Accounting Dictionary


EBITDA is Earnings Before Interest, Taxes, Depreciation, and Amortization.

EBITDA is a very pure measure of profitability. Since companies have different amounts of debt, interest rates, taxes, depreciation, and amortization, when you factor those out you get a clearer picture of whether you can sell the product at a profit. For instance, if you were looking at four different companies that sold shoes, comparing their EBITDAs would show who was selling their product at the highest profit. However, EBITDA is only one factor in financial analysis. It should not be used as your only method of comparing companies. For instance, let’s say company A had a EBITDA of $20,000. They also paid $30,000 in interest. The $30,000 of interest would not show up on their EBITDA. $20,000 in profits minus $30,000 interest means they are losing $10,000 a year. The interest they pay doesn’t decrease their EBITDA, but unless something is done they will soon go out of business. Not all companies that sell their product at a profit before interest, taxes, depreciation and amortization are financially sound.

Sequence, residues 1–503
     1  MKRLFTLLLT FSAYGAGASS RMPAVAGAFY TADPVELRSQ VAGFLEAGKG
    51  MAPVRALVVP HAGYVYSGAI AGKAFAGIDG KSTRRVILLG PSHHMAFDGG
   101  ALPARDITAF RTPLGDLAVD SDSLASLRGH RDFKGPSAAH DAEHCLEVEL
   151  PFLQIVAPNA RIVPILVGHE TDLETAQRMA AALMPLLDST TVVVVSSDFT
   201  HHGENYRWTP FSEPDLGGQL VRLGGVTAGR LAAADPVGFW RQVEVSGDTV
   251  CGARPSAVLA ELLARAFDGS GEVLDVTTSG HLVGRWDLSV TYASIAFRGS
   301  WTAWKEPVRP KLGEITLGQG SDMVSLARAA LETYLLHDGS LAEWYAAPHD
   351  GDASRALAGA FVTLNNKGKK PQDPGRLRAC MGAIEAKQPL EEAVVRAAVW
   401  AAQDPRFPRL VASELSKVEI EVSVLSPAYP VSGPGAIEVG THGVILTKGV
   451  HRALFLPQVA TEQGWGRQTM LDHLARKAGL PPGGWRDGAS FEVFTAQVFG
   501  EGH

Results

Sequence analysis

Company B has a EBITDA of $13,000. They own all their assets and have no interest expense. They have profits of $13,000. A $13,000 profit is better than a loss any day. If you compared only EBITDAs, you could be mislead into making a poor investment.

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